Idyllwild fire: Rain aids fight against California wildfire
Idyllwild fire continued to burn across southern California Monday morning, but heavy rain helped firefighters make substantial gains against a week-old wildfire that burned across 42 square miles. With the arrival of an inch and a half of rain Sunday, firefighters began to beat back the Idyllwild fire and had the blaze 68 percent contained.
IDYLLWILD, Calif. — Heavy rain aided firefighters who made substantial gains against a week-old wildfire that burned across 42 square miles as thousands of people were allowed to return to their homes in Southern California mountain communities near Palm Springs.
With the arrival of an inch and a half of rain Sunday, firefighters began to beat back the flames and had the blaze 68 percent contained. Rain continued to fall off and on throughout much of the day. Winds were only 5 to 10 mph and humidity was 95 percent.
"With diminished fire activity, firefighters made great progress with line construction, particularly along the east side toward Palm Springs," U.S. Forest Service spokesman John Miller said.
The fire was still far from extinguished, however.
The thunderstorm helping douse the flames also brought erratic winds and the threat of flooding, all hazardous conditions for fire crews.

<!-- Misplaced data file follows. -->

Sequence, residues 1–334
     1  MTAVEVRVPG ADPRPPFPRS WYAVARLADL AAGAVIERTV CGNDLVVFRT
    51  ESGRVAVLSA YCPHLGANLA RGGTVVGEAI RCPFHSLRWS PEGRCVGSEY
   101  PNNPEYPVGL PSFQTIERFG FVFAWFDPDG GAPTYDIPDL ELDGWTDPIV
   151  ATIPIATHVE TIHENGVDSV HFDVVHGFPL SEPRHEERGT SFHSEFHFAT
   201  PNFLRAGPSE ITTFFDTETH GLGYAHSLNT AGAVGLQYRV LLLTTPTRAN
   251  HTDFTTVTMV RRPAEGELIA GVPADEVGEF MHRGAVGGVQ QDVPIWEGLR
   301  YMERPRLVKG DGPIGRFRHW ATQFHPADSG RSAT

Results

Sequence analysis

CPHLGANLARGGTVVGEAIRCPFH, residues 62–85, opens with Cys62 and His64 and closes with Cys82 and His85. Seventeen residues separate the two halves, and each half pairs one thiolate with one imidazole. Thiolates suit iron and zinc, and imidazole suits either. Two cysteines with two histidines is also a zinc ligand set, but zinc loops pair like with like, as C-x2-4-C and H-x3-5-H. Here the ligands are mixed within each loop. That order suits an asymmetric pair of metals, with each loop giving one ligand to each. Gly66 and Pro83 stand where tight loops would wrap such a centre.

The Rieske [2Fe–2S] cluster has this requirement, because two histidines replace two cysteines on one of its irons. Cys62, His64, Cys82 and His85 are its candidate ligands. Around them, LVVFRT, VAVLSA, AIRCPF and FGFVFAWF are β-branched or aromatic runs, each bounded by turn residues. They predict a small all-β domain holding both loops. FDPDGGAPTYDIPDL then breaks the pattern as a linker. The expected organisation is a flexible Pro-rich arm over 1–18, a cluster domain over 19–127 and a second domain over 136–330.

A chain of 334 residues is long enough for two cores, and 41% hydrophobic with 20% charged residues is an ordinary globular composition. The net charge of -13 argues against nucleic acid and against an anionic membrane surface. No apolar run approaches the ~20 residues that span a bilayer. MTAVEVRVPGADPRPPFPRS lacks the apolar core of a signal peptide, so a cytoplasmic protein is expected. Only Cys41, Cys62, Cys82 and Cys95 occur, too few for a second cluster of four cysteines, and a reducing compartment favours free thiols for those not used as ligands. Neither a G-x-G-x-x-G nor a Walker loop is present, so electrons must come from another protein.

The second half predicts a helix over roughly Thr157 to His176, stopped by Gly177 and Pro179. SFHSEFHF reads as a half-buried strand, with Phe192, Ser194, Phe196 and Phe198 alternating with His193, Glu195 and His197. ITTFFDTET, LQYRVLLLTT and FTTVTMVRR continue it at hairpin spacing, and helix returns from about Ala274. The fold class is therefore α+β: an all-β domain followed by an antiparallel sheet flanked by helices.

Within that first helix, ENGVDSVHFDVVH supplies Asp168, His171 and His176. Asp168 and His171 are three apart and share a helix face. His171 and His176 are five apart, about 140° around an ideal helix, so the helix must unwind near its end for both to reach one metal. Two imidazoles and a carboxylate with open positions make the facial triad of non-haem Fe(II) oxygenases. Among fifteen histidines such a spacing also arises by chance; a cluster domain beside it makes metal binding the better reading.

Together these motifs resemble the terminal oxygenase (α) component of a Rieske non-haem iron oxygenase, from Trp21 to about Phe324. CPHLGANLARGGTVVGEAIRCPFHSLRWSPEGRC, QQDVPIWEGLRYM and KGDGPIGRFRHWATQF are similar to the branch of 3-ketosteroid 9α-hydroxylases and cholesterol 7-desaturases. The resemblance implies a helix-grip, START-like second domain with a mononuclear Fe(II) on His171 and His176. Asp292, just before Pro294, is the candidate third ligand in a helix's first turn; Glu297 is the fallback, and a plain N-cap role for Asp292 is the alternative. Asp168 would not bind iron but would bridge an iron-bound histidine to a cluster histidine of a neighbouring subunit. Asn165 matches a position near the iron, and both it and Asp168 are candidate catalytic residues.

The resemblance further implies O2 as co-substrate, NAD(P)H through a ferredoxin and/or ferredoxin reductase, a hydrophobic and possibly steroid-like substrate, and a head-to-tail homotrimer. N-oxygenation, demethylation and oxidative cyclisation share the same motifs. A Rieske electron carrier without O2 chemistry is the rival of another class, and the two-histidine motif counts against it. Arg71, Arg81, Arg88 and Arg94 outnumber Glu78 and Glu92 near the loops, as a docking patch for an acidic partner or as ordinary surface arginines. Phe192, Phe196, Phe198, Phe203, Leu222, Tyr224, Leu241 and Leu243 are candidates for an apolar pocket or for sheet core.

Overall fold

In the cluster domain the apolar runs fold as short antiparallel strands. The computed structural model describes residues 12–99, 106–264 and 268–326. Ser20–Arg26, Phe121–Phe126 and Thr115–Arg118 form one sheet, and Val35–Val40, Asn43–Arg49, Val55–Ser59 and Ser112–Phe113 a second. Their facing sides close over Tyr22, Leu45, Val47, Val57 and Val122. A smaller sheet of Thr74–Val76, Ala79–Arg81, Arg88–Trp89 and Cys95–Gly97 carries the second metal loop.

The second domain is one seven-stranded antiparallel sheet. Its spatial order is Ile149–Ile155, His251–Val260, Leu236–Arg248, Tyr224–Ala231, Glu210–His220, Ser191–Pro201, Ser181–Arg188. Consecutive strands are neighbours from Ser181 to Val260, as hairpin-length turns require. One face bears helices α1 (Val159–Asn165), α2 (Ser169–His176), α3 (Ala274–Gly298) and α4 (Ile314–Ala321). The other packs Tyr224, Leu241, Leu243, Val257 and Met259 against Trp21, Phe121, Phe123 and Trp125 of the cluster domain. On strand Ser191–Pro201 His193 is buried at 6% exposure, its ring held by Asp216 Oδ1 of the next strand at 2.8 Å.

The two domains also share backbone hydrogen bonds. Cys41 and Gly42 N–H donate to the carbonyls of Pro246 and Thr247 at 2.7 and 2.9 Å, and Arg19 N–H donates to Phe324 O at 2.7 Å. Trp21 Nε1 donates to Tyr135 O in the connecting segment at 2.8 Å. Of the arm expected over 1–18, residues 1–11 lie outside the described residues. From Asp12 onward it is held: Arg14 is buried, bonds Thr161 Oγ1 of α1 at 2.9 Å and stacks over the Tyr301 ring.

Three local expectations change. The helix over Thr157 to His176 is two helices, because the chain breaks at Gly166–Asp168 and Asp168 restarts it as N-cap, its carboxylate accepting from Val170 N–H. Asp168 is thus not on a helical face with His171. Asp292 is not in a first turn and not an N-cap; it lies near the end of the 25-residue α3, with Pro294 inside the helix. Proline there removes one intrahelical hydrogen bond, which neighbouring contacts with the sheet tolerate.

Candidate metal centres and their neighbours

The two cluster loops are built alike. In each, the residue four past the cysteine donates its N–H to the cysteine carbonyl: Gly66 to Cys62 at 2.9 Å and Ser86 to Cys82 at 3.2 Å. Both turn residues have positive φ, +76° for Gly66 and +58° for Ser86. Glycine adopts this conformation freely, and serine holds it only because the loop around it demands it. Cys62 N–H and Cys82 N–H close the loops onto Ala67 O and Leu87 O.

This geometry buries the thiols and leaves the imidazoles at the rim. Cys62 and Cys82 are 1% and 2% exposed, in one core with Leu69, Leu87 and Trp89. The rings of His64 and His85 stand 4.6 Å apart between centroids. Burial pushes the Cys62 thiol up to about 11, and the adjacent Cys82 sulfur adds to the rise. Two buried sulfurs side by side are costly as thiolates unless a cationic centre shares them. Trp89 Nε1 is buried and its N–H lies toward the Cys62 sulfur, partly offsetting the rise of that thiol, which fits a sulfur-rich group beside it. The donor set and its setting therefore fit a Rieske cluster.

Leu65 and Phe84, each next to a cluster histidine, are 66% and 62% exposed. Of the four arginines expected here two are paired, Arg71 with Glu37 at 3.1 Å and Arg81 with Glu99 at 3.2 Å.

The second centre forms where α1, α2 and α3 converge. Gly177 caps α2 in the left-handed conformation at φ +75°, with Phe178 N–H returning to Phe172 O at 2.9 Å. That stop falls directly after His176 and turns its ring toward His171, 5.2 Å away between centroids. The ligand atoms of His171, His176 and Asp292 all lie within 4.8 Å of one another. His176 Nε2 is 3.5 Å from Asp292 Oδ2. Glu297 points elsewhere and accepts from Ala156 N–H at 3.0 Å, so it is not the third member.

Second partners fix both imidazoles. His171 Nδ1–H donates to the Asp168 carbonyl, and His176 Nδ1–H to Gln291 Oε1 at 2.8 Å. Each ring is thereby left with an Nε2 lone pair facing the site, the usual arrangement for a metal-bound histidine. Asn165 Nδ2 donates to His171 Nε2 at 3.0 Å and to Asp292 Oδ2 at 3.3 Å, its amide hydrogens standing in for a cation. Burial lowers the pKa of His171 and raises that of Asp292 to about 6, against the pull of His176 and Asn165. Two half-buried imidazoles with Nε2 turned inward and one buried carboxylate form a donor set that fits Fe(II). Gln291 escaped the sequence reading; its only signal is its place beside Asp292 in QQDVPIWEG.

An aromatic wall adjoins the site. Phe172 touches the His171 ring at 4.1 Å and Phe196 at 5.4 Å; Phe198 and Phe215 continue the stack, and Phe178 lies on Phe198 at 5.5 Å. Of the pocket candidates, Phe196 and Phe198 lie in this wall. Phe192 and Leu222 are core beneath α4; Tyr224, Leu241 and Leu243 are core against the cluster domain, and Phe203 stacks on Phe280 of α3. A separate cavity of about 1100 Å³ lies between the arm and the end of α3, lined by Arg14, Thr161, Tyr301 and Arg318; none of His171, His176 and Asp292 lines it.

Some 6,000 people fled the idyllic little towns that dot the San Jacinto Mountains between Palm Springs and Hemet after the fire broke out Monday and quickly raged across the heavily wooded area. Twenty-three structures, including the seven homes, were destroyed. There were no reports of injuries.
The Riverside County Sheriff's Department lifted evacuation orders for the communities of Idyllwild, Fern Valley and Pine Cove, from which thousands had fled the advancing flames five days before.
Evacuation orders for several smaller nearby communities had been lifted earlier in the day.
The fire was less than two miles from Idyllwild on its western flank. It was a similar distance from Palm Springs below on the desert floor, where an enormous plume of smoke could be seen.
The Palm Springs Aerial Tramway, which carries people nearly 6,000 feet up a rugged canyon to a mountain peak overlooking the tourist resort, was closed Sunday because of unhealthy air quality. Crews were also building fire breaks in the area.
Authorities have said the fire was human-caused, but wouldn't say whether it was accidental or intentional.
More than 1,800 firefighters battled the blaze Sunday, using bulldozers, helicopters and other equipment.